WARSAW (Reuters) – Around a hundred Poles took part in an “Equality Run” on Saturday, condemning discrimination against the lesbian, gay, bisexual and transgender (LGBT) community during a presidential election campaign where gay rights have provoked fierce debate.
The run took place as a number of anti-government protests from groups including LGBT rights protestors and feminists took place in Warsaw.
Facing an increasingly tight contest for the June 28 vote, incumbent President Andrzej Duda, an ally of ruling nationalists Law and Justice (PiS), has attempted to rally his conservative base by taking aim at what he calls LGBT “ideology”.
PiS has said this is a foreign influence undermining traditional values.
“We need to show that we are everywhere, that we exist, we do sport, we have fun, it’s not like we are people with a foreign ideology,” said 26-year-old office worker Zoska Marcinek before the race.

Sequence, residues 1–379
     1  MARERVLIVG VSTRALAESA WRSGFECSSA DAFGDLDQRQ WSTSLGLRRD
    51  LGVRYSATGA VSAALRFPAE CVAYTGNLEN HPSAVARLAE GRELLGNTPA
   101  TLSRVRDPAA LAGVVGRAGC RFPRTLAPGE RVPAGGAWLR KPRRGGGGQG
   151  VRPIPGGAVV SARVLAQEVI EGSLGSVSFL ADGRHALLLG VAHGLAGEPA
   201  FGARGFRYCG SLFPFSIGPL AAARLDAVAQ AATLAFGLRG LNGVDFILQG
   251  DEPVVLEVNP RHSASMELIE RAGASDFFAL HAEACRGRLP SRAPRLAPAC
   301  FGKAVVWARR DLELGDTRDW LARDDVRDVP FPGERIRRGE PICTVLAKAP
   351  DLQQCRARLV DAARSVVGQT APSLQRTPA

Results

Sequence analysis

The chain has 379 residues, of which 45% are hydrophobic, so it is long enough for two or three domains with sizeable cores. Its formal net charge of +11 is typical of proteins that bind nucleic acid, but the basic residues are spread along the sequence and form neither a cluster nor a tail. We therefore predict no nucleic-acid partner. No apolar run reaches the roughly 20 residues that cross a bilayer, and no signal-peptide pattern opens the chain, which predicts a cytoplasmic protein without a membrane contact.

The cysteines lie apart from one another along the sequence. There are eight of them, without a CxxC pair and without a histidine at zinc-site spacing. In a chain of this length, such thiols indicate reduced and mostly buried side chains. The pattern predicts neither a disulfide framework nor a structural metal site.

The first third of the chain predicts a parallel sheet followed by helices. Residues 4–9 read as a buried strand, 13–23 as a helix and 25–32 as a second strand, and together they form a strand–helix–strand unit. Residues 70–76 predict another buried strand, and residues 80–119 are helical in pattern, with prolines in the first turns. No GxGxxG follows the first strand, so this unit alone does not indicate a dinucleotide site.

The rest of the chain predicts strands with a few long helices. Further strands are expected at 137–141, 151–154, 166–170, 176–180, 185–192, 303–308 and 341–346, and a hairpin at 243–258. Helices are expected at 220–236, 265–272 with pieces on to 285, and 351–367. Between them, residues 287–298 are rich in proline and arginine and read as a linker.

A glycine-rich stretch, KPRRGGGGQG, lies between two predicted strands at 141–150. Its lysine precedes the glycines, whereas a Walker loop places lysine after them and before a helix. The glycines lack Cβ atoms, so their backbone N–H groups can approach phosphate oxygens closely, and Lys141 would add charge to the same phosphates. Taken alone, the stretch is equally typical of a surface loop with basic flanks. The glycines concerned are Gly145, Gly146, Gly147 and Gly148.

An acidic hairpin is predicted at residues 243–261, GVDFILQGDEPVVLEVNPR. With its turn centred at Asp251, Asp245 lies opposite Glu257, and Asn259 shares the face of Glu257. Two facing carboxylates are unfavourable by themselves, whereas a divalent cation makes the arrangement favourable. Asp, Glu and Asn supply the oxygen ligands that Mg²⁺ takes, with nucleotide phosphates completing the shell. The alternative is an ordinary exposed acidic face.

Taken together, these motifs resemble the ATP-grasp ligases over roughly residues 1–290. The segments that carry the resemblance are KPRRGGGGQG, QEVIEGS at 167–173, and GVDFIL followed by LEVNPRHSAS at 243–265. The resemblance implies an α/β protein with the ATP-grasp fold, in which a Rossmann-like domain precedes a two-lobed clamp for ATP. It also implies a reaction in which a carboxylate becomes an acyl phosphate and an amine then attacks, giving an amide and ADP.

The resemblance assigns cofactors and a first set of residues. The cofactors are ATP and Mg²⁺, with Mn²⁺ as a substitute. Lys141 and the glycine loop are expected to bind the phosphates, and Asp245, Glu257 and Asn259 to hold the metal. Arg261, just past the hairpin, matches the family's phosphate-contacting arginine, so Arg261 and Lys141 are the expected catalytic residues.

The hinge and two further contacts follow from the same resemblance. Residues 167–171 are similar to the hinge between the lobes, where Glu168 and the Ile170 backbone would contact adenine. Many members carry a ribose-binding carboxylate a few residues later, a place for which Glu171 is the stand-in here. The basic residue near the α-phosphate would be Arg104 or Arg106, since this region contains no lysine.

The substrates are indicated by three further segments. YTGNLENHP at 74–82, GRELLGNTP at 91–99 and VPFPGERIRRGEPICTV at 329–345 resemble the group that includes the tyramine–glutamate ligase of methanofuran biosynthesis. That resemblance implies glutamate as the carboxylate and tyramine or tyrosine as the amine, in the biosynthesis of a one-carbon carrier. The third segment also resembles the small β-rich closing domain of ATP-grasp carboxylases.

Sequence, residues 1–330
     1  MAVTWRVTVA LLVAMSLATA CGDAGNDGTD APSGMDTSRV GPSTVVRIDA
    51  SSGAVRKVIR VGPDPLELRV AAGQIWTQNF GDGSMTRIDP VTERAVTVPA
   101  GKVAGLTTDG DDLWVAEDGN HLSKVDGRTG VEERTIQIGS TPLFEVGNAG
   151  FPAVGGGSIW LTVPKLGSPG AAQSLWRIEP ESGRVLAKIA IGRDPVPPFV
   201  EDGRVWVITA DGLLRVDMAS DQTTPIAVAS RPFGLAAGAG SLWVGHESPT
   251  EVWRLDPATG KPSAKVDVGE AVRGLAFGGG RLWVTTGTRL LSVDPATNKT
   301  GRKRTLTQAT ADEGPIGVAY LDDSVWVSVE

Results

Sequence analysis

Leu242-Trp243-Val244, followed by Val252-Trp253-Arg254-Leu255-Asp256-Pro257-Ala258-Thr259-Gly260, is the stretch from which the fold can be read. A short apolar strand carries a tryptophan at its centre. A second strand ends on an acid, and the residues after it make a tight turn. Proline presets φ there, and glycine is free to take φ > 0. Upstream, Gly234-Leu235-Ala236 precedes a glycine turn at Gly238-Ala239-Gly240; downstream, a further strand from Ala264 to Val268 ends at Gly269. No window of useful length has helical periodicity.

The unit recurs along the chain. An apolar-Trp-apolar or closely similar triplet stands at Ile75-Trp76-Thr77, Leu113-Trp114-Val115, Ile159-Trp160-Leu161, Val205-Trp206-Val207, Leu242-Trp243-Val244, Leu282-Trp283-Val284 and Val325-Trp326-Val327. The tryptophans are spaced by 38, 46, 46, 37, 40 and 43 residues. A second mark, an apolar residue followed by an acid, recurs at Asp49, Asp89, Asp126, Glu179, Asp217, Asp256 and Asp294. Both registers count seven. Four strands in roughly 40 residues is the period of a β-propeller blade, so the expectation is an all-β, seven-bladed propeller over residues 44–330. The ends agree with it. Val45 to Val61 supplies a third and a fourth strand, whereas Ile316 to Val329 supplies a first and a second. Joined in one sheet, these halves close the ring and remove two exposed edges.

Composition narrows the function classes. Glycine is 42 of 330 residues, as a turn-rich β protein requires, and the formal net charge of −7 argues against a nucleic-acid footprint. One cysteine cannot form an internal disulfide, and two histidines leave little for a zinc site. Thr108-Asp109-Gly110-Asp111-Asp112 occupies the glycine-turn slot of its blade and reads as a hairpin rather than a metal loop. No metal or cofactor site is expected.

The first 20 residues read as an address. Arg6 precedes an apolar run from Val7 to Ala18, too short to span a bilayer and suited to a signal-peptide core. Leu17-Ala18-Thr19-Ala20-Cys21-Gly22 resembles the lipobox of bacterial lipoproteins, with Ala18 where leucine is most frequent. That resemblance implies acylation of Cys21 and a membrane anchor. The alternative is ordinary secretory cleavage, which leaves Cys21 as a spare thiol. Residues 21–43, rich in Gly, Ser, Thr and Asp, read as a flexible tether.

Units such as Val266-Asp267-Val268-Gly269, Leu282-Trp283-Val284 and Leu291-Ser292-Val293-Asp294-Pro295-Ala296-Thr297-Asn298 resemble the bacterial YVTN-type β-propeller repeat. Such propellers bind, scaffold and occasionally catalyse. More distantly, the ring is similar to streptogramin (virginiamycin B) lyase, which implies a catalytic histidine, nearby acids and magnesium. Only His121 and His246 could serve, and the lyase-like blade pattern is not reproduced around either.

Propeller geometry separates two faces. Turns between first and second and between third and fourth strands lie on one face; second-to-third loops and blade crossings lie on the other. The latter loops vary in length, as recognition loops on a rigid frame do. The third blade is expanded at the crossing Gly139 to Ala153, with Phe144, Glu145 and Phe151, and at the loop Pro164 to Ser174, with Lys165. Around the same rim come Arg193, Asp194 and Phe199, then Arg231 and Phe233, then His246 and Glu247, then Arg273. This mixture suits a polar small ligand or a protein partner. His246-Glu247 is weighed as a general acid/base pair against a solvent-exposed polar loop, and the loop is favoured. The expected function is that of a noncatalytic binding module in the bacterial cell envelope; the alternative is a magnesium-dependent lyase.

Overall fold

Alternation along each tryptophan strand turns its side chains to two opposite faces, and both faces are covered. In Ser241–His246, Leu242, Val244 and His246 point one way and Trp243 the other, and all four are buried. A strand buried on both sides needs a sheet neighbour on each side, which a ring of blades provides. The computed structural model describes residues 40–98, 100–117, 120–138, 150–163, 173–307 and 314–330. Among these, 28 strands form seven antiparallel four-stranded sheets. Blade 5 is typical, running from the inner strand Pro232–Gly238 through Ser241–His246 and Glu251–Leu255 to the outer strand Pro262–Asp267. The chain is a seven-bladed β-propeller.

The runners, some decked out in the rainbow flag of the LGBT community, ran 5 kilometres along the banks of the Vistula river.
Duda has drawn criticism for comparing the push for LGBT rights to Soviet indoctrination. A member of his campaign team said in a television broadcast last Saturday that LGBT people were not equal with “normal” people.
Duda has said his words on LGBT “ideology” and communism were taken out of context, while his campaign team has rejected accusations of homophobia.
Around 200-300 people gathered at a separate protest called “People, not an Ideology” in central Warsaw, brandishing placards with slogans like “Make Peace, Stop PiS”.
“I am a normal person… like every other person, and I demand equality,” said 22-year-old student Weronika Tomikowska during the protest.
LGBT rights have been major campaign theme in staunchly Catholic Poland since the main opposition candidate and Warsaw mayor Rafal Trzaskowski introduced a sex education programme in city schools over a year ago that includes teaching about LGBT issues.
(Reporting by Alan Charlish and Pawel Florkiewicz; Editing by Jan Harvey)